Sunday, March 4, 2012

The Forgotten O-Word

Of the vows taken by a nun, monk, or priest, chastity tops the list for most people as the toughest. To the secular mind, influenced by the legacy of Freud, extended periods of celibacy are risky; lifelong celibacy would surely leave one mentally unhinged. But even for many believers, the idea of giving up a spouse and family just seems too hard.
Some thought might go toward the second vow taken by those in religious orders (though not by diocesan priests)—poverty—which would be a real hardship for many in our materialistic culture.
The whole vocation idea having already been dismissed, most people don’t ever think about the other vow all priests and religious take—obedience. But according to many who have taken and are living out these vows, this is the real kicker.

        When one thinks about it, though, it makes sense. Really, the hardest thing to give up is one’s own will.
We Americans should certainly understand this. If the typical movie or TV show is any indication, our culture instead admires independence, self-assertiveness, and even defiance. Every other movie glorifies someone who bucks the system—boss, government, parent—and is proven in the end to be right and heroic to have done so.
Of course, most of us obey in areas that will otherwise get us into trouble—we wouldn’t think of stealing or assault. We do what our boss asks and speak to him respectfully, at least to his face. But we don’t think twice about ignoring laws or rules that are socially acceptable to disobey and easy to get away with.
        There are dozens of examples. Copying copyrighted material; not reporting cash income or other little ways of cheating on one’s taxes; breaking traffic laws when the coast is clear; pilfering small items from large companies like hotels or supplies from one’s employer; lying about one’s age to get something cheaper, etc., etc.
Most people, if they know they can get away with it, don’t give doing such things a second thought. Why wouldn’t you do them? Obeying the rules in such instances seems not only ridiculous but even scrupulous. “It doesn’t hurt anyone.” “This large company can easily absorb it—they’re overcharging anyway.” “Everyone does it.”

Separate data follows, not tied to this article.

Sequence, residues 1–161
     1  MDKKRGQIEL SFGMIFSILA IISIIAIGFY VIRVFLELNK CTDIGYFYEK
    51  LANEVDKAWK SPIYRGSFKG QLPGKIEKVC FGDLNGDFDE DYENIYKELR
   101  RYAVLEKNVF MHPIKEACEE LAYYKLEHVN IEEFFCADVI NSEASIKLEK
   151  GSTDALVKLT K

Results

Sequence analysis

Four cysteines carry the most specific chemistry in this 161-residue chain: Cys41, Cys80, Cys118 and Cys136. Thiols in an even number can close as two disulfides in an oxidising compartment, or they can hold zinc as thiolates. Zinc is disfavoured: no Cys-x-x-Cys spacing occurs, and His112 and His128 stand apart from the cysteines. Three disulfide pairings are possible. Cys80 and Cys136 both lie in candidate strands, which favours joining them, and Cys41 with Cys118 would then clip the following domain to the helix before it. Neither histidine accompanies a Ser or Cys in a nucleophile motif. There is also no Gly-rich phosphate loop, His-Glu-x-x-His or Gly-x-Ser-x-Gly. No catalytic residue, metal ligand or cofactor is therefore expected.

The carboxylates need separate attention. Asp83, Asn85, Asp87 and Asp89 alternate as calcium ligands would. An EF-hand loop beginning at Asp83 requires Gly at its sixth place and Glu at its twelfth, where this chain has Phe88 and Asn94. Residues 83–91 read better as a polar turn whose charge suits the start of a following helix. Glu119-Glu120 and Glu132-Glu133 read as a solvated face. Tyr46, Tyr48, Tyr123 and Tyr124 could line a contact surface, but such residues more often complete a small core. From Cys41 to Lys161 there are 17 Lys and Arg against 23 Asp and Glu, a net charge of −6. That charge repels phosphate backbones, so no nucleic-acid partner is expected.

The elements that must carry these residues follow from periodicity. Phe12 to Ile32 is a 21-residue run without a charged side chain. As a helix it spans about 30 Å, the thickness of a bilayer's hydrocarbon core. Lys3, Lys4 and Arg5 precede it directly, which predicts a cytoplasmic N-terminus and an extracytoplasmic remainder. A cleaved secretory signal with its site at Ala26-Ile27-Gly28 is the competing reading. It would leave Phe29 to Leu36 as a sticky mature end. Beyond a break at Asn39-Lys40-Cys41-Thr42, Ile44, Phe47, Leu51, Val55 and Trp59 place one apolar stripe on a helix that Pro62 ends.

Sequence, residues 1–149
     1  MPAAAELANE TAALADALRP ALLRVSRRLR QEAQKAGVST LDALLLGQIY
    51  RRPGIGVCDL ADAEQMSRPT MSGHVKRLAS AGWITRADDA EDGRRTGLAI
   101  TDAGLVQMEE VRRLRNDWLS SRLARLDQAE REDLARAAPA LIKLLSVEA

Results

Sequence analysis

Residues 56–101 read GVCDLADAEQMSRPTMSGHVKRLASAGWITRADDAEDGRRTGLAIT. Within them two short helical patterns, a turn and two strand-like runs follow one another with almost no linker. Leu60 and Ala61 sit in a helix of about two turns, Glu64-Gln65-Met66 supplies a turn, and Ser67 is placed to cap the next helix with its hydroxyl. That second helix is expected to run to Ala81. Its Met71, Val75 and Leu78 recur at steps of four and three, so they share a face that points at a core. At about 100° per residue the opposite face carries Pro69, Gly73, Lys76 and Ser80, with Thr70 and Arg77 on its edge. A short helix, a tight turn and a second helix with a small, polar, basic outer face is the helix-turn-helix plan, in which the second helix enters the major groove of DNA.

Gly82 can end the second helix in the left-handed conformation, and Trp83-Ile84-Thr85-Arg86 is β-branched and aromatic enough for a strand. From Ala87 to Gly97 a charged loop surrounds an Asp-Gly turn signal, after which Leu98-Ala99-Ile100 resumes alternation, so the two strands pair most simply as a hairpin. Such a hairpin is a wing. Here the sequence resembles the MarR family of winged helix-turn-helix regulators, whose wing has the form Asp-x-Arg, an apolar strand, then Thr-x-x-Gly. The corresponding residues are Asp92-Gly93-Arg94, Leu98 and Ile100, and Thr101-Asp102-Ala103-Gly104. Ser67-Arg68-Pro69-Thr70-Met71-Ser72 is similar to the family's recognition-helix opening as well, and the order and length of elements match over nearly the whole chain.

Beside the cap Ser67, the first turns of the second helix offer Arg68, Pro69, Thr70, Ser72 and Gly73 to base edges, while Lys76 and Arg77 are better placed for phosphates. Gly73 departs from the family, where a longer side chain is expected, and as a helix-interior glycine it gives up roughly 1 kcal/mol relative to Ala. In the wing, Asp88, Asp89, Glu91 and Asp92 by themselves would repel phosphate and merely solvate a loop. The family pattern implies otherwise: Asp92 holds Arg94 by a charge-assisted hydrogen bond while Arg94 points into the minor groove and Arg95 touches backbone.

But what does God think about it? How can we know? Well, He actually did address this quite a bit in the Bible. 
The IRS didn’t exist in Jesus’ day, but the Roman Empire did, and it certainly collected taxes. Some people (usually Zealots) questioned paying the tax—but for religious reasons, not to save a few bucks—and what did Jesus say? “Give to Caesar what is Caesar’s and to God what is God’s” (Lk 20:25).
This would of course not only apply to tax evasion today as well, but also to civil laws. St. Paul makes this clear: “Pay all ... [authorities] their dues, taxes to whom taxes are due, revenue to whom revenue is due, respect to whom respect is due, honor to whom honor is due” (Rom 13:7). 
This teaching is based also on the long-standing Scriptural idea that earthly authority comes from God. In the Old Testament, we read, “By me kings reign, and rulers decree what is just; by me princes rule, and nobles govern the earth” (Prov 8:15). Jesus echoed this when he said to Pilate, “You would have no power over me unless it had been given you from above” (Jn 19:11).
Thus Paul teaches: “Let every person be subject to the governing authorities. For there is no authority except from God, and those that exist have been instituted by God. Therefore he who resists authorities resists what God has appointed, and those who resist will incur judgment” (Rom 13: 1-2).
Peter writes similarly: “Be subject for the Lord’s sake to every human institution, whether it be to the emperor as supreme, or to governors as sent by him…. Live as free men, yet without using your freedom as a pretext for evil; but live as servants of God. Honor all men. Love the brotherhood. Fear God. Honor the emperor” (1 Pet 2:13-17).
        Of course, there are evil rulers and bad laws. Obviously, if there is a conflict between human authority and divine, “we must obey God rather than men,” as Peter says in Acts 5:29. Likewise the great theologian St. Thomas Aquinas explained that though civil government has the right to create laws for the good of society and Christians should obey them as deriving from God’s law, still when a civil law is contrary to divine law we shouldn't obey it.
        The point is that when we are obedient to someone in rightful authority over us, God takes it as obedience to Himself. (And that leads us to another reason for obedience—the heart of the matter—but we'll get to that next week.)
        Lent is a great time to take out this old-fashioned virtue, dust it off, and give it a try. It may very well prove to be a harder penance than any we’ve ever undertaken.

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